And this ‘conquer’ the world retail strategy is not new to Italian luxury fashion brands. One of the early ‘masters’ of retail expansion, with hundreds of franchised stores worldwide has been Max Mara. Although family owned, Max Mara has been gradually losing its luxury positioning, for several reasons – the lack of adapting to nowadays communications tools (Max Mara launched their first ever site less than 4 years ago) not to mention the confusing mix between 5 different labels under the Max Mara umbrella, some at low price points, adding confusion and lack of differentiation.
The Max Mara owner family might have the backing of their financial investments (they own major stakes in one of Italy’s largest banks) does not seem to make up for lost ground in terms of positioning, identity and inconsistency – especially in retail. Even in London, one of the most important luxury shopping hubs of the world, the Max Mara flagship on Bond Street features a strikingly different (old) retail concept, which is unrecognizable to a store featuring the new retail concept, in Milan or Shanghai. Is Max Mara’s notable absence from India a sign that identifying local franchise partners has become much more challenging and not necessarily because of market conditions but the lack of wareness of the brand and an uncertain future.
French giant Louis Vuitton has probably best understood the danger of over-exposure and excessive visibility and has been quick to react in adapting in retail development strategy – open less stores and focus on opening large Maison stores, in the biggest cities in the world, each with a distinct architecture and strongly enganged with the local lifestyle and culture (each Maison store of Vuitton features art exhibition spaces promoting local artists).
The offering and service in Maison stores is also upgraded from a regular store, with Personalization and Bespoke service exclusively available at this type of stores. Opening (recently) permanent in-house Ateliers such as the one at the Vuitton store in Soho NY is also a major departure from the travelling or pop up exhibitions. This way, consumers can have a first hand experience and understanding craftsmanship. Vuitton’s resistance to open within airports is also showing huge benefits in terms of differentiation (there is only one Vuitton store in an airport - at Seoul’s Incheon, but it is more a shopping mall within an airport. The absence of Vuitton products at outlet shopping centres which are mushrooming in Europe is also a major differentiating factors.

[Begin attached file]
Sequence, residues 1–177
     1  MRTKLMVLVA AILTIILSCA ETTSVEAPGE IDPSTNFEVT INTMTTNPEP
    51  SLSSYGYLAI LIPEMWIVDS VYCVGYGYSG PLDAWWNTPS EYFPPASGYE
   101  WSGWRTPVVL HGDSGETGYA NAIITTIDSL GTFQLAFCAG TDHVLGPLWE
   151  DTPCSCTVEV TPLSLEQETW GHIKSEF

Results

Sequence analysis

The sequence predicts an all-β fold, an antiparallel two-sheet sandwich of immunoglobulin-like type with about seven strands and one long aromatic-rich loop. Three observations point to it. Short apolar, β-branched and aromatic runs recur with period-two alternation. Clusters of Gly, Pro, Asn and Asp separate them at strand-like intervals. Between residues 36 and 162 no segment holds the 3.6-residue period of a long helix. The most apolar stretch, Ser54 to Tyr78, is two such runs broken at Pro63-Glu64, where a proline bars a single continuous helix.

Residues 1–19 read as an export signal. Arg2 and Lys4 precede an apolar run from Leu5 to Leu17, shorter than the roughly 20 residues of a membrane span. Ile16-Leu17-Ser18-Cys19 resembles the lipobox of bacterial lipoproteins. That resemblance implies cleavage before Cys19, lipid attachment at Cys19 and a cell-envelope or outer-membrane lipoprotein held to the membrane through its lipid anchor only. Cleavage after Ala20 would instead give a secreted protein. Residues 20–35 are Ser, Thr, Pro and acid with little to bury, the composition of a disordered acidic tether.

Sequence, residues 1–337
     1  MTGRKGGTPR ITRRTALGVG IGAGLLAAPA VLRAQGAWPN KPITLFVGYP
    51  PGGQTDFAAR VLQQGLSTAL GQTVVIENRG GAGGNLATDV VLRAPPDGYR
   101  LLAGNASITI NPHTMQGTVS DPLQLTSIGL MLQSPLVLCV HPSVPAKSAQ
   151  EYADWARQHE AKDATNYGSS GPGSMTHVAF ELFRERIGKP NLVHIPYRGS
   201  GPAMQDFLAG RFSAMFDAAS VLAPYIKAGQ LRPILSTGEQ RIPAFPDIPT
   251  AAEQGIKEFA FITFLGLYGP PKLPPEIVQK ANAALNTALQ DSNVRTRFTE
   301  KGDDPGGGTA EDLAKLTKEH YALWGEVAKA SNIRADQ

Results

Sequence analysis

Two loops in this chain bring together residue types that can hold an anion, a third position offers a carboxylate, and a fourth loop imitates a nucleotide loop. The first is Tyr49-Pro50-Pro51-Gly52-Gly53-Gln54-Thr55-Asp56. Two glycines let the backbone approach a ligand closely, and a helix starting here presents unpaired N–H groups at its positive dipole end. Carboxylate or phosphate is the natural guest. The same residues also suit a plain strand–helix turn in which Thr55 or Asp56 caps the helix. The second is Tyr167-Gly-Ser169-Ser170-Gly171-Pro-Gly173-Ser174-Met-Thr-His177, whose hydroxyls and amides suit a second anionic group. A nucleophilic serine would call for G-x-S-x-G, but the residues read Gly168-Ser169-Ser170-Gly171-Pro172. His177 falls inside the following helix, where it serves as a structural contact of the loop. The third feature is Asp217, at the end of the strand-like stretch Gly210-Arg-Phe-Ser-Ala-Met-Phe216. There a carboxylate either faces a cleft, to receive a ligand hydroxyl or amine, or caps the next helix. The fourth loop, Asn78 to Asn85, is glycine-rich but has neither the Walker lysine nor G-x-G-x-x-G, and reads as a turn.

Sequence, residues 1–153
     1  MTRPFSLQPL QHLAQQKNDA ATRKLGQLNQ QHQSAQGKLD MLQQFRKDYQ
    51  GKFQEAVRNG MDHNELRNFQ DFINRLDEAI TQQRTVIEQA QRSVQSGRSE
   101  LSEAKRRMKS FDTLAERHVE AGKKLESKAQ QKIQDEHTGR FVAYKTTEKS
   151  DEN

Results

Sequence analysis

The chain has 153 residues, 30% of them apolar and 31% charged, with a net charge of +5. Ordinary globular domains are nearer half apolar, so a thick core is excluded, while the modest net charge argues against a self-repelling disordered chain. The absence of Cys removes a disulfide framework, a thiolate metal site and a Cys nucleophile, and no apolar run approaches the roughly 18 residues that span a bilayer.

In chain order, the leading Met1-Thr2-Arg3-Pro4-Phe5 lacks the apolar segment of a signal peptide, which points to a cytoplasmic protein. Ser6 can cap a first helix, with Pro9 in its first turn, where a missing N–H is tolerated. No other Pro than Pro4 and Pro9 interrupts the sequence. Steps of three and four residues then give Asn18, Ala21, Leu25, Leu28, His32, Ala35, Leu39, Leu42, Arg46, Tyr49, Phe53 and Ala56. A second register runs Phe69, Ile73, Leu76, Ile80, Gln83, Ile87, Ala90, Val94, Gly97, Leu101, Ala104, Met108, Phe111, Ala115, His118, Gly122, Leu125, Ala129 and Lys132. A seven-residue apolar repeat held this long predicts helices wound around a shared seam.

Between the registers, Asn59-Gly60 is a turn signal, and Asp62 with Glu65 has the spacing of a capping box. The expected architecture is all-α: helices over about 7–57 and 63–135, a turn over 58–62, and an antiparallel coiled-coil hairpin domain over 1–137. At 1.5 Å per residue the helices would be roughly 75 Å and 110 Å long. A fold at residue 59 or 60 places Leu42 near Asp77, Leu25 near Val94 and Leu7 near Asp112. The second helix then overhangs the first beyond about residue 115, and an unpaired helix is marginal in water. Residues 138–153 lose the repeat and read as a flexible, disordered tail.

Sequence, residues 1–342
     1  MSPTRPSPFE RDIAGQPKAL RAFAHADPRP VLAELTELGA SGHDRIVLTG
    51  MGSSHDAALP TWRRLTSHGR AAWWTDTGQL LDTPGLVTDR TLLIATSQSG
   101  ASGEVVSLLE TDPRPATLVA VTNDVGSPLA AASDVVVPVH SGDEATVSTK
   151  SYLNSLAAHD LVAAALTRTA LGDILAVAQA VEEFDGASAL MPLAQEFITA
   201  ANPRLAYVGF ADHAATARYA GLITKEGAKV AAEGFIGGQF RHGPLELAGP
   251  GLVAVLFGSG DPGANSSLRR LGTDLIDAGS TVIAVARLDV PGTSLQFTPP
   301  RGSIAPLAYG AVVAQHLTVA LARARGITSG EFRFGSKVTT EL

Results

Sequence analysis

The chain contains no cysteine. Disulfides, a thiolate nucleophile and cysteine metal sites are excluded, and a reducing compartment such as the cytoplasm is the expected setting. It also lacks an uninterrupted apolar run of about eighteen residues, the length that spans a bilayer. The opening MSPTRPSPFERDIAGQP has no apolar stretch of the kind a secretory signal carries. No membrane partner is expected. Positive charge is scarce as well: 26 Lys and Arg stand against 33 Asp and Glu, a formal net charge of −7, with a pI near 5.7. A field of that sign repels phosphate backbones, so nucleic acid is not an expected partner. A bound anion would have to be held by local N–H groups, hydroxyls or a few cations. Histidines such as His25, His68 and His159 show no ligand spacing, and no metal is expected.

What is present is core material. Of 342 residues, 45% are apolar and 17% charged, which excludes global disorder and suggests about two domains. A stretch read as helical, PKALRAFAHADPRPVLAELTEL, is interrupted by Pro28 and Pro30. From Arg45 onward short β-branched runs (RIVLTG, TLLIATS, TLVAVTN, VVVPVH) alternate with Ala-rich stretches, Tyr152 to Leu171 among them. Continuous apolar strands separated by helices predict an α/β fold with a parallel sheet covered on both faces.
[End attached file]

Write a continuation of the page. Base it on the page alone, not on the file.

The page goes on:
But Italian luxury brands cand learn from Italian luxury brands too. It is the case of Valentino, taken over since last year by a Qatar investment fund, which under the leadership of Stefano Sassi has been concentrating on directly operated stores, limiting francising and wholesale. Most importantly, the recent renovation and complete redesign of Valentino’s Paris flagship and the annoucement of the upcoming 2.000 sqm store opening on New York’s Fifth Avenue reflects Sassi’s sensible strategy to open fewer but larger stores, only in the major cities. This way, the brand will be able to preserve and even enhance exclusivity.
Another Italian luxury brand which may stand as a reference for the big players of Italian luxury is Loro Piana. The family owned group has made no compromise in terms of store sizes and has focused on relevance, more than proximity when it comes to retail expansion. Given its exceptional sports products, Loro Piana is opening temporary stores in major upscale holiday destinations such as St Moritz or Gstaad for winter sports; Capri, Portofino and Porto Cervo for summer yachting collections and St Tropez and Forte dei Marmi for summer lifestyle.
‘Diffusion’ or ’second lines’ are also a means of avoiding the risks of dilution of luxury positioning, unless the lines have a specific, well define target and concept such as in the case of Moncler
Oliver Petcu in London